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World Health Organisation will decide this week if "gaming disorder" should be a recognised illness

Industry leaders, however, want more "conversation and education" before a decision is made.

Members of the World Health Organisation will decide next week if video game addiction will become an officially recognised disorder.

The eleventh iteration of the International Classification of Diseases - commonly known as ICD-11 - included "gaming disorder" for the first time last year, when it was included in the draft document. Despite significant pushback from industry leaders such as the Entertainment Software Association - representing studios like Epic, Activision Blizzard, and Riot - health experts will be able to vote on the changes at the World Health Assembly in Geneva later this week (thanks, iNews).

The World Health Organisation guidance defines the disorder as characterised by a pattern of "persistent or recurrent gaming behaviour, which may be online or offline, manifested by: 1) impaired control over gaming (e.g., onset, frequency, intensity, duration, termination, context); 2) increasing priority given to gaming to the extent that gaming takes precedence over other life interests and daily activities; and 3) continuation or escalation of gaming despite the occurrence of negative consequences".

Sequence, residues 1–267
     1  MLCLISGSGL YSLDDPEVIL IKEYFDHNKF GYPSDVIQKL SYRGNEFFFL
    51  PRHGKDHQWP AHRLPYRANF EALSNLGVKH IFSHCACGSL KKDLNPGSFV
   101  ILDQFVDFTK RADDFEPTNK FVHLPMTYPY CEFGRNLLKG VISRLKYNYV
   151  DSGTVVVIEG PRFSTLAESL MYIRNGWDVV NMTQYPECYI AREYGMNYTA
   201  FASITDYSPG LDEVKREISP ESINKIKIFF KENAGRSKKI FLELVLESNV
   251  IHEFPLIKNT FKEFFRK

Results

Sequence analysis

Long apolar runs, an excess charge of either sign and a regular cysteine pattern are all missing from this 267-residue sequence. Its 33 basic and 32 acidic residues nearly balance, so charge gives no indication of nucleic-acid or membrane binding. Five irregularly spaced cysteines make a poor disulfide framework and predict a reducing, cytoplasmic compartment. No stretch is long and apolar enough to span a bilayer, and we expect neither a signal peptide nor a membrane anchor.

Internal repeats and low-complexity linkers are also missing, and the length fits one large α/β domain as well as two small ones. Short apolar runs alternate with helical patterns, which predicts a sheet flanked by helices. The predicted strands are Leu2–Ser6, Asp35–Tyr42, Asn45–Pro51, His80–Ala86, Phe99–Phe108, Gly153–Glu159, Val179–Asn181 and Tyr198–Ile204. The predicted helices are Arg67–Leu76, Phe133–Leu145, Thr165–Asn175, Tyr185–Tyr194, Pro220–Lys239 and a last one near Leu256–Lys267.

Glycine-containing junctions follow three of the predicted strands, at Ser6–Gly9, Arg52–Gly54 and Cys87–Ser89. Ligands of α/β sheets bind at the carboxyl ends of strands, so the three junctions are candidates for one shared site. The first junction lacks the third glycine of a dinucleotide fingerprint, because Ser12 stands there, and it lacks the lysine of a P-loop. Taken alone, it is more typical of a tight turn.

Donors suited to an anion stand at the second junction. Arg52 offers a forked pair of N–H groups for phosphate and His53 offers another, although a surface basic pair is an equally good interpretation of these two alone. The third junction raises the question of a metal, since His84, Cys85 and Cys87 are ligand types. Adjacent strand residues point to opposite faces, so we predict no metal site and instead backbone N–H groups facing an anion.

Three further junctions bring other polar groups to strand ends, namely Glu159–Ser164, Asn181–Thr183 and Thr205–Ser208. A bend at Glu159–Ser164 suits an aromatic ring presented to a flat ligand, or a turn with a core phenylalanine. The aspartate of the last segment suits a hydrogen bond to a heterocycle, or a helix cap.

The vote will take place at the World Health Assembly in Geneva later this week.

It also adds that the behaviour pattern "is of sufficient severity to result in significant impairment in personal, family, social, educational, occupational or other important areas of functioning". People experiencing such symptoms for a period of twelve months or more are likely to be considered at risk.

The World Health Organisation said the decision to include gaming disorder in the ICD-11 was taken "based on reviews of available evidence, and reflects a consensus of experts [after] technical consultations". However, responding to the news last year, the ESA insisted that "the billions of video game players around the world who will be affected... deserve action based on meticulous research", adding that "no reasonable person would suggest" a similar addiction to television could also be classed as a disorder.

"We believe that continued conversation and education is needed before any classification is finalised. In fact, leading mental health experts have cautioned repeatedly that classifying 'Gaming Disorder' creates a risk of misdiagnosis for patients who most need help," said ESA president, Stanley Pierre-Louis said. "It's our hope that through continued dialogue we can help the WHO avoid rushed action and mistakes that could take years to correct.

"As an industry we are committed to collaborating with stakeholders, researchers, policymakers, and parents to ensure best-in-class ratings, parental controls, and other tools help video game players and parents understand and manage healthy video game play."

Eurogamer's deputy editor, Wes Yin-Poole, wrote a candid and deeply personal essay about his addiction to World of Warcraft last year.

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Vikki Blake avatar

Vikki Blake


When​ ​her friends​ ​were falling in love with soap stars, Vikki was falling in love with​ ​video games. She's a survival horror survivalist​ ​with a penchant for​ ​Yorkshire Tea, men dressed up as doctors and sweary words. She struggles to juggle a fair-to-middling Destiny/Halo addiction​ ​and her kill/death ratio is terrible.

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